Trine 4: The Nightmare Prince


Supreme [H]ardness
Jun 9, 2003
The Trine series is a fantastic set of puzzle-platformers where each character has completely different strengths/weaknesses, all used properly to progress. Some compare them to the legendary Blizzard SNES title "The Lost Vikings" for this reason. A great feature is that the games allow for both solo play (with the player swapping between the various avatars) to online/local co-op , with each player controlling a character simultaneously!

The general player consensus seems to be that the first (Trine: Enhanced Edition - a free upgrade that added new graphics and otherwise improved the game) and second (Trine 2 : The Complete Story - A version with the latest patch plus all DLC/expansion content ) are given near universal acclaim in their genre however the third entry (Trine 3: The Artifacts of Power) had some issues with bugs at launch and made some gameplay mechanics changes that, while not being a bad game by far, labeled it not living up to its predecessors. This and the long delay put the future of the series in jeopardy, but it seems that with Trine 4 they're heading back to the 2.5D roots of the series ( T3 went for full 3D - worthwhile envelope pushing but many feel it didn't quite work out) and expanding gameplay dynamics in other ways such as for the first time 4-player co-op. I wonder if this will mean 4 characters? They haven't shown the 4th character, but I can't imagine how else this could work without forcing one player to have a non/minimal interaction "ghost" or something and that doesn't seem a good idea.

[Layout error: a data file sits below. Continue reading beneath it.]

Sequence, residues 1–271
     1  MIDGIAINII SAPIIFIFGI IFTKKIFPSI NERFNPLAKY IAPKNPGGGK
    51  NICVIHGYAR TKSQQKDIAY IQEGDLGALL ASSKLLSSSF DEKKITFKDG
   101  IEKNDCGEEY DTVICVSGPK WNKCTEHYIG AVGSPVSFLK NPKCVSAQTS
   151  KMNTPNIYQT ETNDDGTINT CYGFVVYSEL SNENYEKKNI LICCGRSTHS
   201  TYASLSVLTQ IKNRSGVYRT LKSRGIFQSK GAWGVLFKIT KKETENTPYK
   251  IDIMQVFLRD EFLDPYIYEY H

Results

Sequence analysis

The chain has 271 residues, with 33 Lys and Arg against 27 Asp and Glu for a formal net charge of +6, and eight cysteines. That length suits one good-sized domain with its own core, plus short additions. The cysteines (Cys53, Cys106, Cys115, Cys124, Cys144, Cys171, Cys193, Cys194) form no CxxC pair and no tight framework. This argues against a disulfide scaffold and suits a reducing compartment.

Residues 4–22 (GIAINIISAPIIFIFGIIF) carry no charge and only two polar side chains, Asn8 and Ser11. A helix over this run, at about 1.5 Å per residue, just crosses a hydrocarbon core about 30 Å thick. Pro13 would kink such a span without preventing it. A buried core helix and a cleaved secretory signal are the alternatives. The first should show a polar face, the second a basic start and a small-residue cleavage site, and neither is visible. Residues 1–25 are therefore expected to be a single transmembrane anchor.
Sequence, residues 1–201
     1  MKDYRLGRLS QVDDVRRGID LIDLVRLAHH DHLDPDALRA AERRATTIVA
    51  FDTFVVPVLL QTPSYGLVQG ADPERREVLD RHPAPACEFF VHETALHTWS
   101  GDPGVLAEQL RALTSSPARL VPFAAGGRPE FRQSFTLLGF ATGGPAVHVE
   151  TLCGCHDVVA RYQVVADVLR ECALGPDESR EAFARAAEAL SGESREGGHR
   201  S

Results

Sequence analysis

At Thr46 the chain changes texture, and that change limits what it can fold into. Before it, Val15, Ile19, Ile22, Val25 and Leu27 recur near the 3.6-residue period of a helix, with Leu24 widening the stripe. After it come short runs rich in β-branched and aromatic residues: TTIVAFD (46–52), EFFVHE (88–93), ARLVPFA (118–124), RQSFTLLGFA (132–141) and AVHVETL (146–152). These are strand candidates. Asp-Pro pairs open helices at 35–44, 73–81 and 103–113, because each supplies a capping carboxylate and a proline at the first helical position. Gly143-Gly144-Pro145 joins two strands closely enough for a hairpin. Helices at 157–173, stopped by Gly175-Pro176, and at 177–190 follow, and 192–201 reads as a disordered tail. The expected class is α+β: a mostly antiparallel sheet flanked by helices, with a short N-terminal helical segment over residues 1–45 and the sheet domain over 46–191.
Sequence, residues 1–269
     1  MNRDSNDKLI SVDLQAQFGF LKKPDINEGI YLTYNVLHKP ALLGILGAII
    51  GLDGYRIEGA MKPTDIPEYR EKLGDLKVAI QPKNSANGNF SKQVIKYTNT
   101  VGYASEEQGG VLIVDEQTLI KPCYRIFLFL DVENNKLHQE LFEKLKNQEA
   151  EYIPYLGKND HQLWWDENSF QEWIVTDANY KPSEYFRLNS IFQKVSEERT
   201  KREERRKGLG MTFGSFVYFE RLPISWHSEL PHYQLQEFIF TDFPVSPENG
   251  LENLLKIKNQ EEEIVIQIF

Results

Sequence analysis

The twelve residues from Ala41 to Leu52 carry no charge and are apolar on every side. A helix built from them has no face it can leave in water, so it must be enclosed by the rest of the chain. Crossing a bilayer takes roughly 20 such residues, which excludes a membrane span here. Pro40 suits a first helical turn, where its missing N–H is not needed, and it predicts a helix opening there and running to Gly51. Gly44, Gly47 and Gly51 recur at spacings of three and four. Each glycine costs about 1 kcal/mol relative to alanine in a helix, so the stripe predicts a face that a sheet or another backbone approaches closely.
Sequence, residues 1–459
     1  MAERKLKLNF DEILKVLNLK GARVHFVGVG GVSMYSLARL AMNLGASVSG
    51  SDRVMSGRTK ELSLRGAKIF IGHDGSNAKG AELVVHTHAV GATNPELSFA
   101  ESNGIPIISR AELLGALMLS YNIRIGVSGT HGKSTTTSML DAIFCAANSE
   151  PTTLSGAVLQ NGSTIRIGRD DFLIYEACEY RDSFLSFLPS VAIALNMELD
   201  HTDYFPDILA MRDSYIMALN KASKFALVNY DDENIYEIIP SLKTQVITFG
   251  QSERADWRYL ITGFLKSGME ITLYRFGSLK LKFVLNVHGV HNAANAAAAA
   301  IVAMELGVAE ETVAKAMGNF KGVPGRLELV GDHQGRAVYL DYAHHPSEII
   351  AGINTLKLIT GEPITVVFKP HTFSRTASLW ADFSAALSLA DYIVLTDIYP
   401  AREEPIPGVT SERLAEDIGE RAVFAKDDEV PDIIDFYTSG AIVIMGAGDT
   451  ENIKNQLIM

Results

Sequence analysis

One great thing about the Trine series has been its Mac and most importantly Linux clients. It was one of the games that backed Linux in the "old" days when support was less likely so greatly appreciated. Given that all Trine games to date have offered Linux support, I was very hopeful that the 4th would continue the tradition but sadly it appears that is not the case. - Frozenbyte has been making some unfortunate choices with titles like Nine Parchments to make them based on proprietary methodology and generally building the game without cross-platform gaming in mind. Now, things seem to have gotten even worse as a publisher is now in the mix and they've apparently "lost" a lot of the code and people who worked on previous Linux games. While I commend them for being forthcoming about it at least, it is frustrating to see this change of direction. Very disappointing indeed, especially in an era where more titles than ever are getting Linux support